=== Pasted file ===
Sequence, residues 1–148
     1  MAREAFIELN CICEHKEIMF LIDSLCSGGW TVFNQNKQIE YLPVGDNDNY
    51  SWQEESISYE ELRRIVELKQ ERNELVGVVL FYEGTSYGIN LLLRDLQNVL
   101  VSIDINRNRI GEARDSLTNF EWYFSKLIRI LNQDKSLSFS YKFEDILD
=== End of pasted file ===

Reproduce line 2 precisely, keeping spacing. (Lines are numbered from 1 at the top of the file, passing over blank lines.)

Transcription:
     1  MAREAFIELN CICEHKEIMF LIDSLCSGGW TVFNQNKQIE YLPVGDNDNY